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The 2021 National Cherry Blossom Festival Will Mix Virtual and In-Person Events

Plans for how to visit the trees safely are still up in the air.

Photograph by Evy Mages

Next spring, for the second year in a row, the coronavirus pandemic will force big changes on the National Cherry Blossom Festival. Festival President Diana Mayhew and other leaders on Wednesday announced a mix of virtual and in-person events that will take place from March 20 through April 11.

Among the virtual events: an online opening ceremony and a nationally syndicated TV program produced by Events DC, one of the festival’s largest sponsors. The annual Pink Tie Party will also be held virtually, but the festival has announced plans for socially distanced watch parties for the gala. In-person gatherings will include a socially distanced kite-flying event as well as a “Petal Procession” parade through the wards of the city.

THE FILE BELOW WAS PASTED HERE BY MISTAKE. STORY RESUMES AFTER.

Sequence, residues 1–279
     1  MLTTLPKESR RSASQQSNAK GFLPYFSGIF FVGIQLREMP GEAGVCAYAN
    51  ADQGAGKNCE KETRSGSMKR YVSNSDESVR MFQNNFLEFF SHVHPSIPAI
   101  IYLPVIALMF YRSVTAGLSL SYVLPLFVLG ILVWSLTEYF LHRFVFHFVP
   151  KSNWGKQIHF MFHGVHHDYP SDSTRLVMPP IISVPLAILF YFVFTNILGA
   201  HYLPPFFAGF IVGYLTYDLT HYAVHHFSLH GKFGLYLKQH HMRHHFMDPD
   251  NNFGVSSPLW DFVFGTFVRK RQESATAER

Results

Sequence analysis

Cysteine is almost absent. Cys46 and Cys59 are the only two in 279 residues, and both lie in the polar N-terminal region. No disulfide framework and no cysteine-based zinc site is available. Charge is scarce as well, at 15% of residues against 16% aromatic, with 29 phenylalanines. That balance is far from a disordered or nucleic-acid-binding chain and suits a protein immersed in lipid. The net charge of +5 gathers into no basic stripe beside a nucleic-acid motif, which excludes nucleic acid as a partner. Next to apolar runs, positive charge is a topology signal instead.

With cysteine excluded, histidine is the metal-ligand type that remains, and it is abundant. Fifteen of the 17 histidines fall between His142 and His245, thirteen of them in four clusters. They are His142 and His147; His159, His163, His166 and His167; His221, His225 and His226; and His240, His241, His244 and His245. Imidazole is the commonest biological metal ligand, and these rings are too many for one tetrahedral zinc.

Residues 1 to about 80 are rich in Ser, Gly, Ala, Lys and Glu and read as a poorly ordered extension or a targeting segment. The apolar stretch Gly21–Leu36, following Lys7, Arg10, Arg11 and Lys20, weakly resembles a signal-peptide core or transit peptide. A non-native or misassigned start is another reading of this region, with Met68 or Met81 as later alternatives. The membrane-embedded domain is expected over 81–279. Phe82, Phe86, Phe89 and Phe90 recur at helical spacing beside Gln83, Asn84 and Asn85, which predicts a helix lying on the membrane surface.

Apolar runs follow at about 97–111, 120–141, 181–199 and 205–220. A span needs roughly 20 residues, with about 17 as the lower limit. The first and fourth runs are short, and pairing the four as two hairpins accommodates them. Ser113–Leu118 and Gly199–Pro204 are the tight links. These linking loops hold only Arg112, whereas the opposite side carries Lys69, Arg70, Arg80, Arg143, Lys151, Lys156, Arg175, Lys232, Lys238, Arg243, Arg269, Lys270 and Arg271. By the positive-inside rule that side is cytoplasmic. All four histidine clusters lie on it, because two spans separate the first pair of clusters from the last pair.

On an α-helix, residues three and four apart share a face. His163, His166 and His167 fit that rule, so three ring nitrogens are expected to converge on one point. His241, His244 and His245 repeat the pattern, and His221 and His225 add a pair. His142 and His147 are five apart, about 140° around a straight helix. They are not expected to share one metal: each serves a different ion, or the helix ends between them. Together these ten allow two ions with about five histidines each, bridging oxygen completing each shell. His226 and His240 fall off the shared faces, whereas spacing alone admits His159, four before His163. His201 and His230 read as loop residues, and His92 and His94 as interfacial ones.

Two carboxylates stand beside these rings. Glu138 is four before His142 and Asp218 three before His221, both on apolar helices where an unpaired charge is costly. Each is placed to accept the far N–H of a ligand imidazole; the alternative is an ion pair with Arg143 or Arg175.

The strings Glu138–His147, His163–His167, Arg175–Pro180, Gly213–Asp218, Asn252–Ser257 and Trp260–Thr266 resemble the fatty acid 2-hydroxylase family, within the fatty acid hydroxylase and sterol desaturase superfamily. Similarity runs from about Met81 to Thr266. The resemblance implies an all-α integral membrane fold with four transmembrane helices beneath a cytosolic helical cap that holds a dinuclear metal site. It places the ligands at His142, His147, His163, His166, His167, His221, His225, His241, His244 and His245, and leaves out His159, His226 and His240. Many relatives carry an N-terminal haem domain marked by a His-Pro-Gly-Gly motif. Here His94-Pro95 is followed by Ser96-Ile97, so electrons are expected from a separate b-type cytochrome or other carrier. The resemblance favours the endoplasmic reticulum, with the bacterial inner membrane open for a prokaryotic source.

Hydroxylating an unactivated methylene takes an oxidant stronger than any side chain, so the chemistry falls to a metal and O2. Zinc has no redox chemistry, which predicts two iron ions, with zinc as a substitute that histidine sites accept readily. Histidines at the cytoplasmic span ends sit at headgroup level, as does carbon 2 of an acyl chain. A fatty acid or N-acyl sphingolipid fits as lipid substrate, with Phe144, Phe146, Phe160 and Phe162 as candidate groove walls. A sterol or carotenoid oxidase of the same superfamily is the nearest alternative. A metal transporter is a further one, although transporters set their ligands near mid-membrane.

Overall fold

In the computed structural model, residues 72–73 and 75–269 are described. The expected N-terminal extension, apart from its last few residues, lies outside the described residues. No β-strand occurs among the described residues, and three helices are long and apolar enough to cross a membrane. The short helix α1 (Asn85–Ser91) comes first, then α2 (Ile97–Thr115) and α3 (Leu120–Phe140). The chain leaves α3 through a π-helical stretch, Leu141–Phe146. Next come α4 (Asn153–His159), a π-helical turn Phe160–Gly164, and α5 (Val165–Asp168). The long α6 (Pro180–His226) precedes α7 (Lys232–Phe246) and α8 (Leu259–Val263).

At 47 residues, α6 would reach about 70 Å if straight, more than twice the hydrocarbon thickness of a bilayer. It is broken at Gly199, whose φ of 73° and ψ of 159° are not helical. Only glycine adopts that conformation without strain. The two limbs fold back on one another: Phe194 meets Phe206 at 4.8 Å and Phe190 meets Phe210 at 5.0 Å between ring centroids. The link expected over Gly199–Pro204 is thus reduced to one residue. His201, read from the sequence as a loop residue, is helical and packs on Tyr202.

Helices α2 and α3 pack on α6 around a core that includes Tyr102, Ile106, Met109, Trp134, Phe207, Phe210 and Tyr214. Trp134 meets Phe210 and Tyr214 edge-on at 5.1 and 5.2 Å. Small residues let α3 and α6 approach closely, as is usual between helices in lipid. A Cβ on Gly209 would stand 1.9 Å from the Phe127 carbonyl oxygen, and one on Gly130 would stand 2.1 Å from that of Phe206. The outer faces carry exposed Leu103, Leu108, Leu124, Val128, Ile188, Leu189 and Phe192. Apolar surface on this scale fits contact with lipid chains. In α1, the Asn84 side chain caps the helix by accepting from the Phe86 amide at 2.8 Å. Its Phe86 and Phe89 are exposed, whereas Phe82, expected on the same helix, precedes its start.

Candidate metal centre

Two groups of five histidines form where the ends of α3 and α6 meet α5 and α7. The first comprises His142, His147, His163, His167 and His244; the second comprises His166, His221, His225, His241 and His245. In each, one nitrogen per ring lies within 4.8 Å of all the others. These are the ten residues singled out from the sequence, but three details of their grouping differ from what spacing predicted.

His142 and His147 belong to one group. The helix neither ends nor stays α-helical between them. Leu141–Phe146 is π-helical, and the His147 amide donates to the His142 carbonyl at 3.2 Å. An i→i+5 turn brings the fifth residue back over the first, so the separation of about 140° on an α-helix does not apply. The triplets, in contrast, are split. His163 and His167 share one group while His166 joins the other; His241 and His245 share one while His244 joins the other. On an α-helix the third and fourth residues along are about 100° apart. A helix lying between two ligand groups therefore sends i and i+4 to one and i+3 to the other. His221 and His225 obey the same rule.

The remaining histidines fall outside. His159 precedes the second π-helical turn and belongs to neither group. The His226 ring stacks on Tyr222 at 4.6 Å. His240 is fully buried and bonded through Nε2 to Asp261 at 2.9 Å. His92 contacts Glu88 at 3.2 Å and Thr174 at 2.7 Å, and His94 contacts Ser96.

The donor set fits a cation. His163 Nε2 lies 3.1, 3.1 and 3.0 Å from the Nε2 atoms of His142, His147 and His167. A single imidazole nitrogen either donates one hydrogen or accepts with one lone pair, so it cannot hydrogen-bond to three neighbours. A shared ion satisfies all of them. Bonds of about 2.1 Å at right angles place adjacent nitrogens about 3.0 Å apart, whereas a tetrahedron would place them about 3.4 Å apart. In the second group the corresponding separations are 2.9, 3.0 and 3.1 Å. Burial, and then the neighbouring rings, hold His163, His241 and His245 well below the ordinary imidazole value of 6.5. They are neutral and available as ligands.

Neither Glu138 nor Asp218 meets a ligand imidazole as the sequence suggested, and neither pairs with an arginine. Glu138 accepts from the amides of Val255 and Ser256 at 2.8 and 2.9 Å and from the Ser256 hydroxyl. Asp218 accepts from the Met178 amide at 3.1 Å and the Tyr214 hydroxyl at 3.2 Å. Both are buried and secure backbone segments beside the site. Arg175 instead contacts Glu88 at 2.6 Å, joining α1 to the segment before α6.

If you’re looking to visit the blossoms at the Tidal Basin next year, the National Park Service has said it is looking into ways to allow people to safely view the blooms, but it hasn’t yet announced plans. Earlier this year, Mayor Muriel Bowser called on the DC National Guard and DC police to restrict access to the Tidal Basin, after large crowds descended on the trees in late March, blithely ignoring concerns about coronavirus.

The festival also unveiled its official poster for 2021, a painting by California artist Patrick Guyton. Guyton, who frequently works with metal leaf, used silver and gold leaf to give the appearance of cherry blossoms floating over the National Mall in the painting. There will be other blossom-themed public art displays throughout the festival as well.

2021 marks the 109th anniversary of Japan’s gift of the cherry trees to DC, and the Japanese Embassy continues to support the festival. Amazon has also joined as a lead sponsor for next year, two years after announcing plans to build its “HQ2” in Arlington.

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